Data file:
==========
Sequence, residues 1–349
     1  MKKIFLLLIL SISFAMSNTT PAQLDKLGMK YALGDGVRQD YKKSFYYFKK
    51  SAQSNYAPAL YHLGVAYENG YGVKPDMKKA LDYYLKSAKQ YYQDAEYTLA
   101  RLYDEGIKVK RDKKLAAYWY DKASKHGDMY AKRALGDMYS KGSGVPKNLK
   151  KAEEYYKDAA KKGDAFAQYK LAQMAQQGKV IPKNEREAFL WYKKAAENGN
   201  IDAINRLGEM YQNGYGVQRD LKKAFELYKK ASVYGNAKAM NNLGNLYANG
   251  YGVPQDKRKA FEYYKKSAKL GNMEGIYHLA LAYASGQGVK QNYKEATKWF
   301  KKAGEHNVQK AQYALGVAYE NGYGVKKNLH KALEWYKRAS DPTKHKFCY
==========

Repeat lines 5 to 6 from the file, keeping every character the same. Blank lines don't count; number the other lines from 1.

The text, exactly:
   151  KAEEYYKDAA KKGDAFAQYK LAQMAQQGKV IPKNEREAFL WYKKAAENGN
   201  IDAINRLGEM YQNGYGVQRD LKKAFELYKK ASVYGNAKAM NNLGNLYANG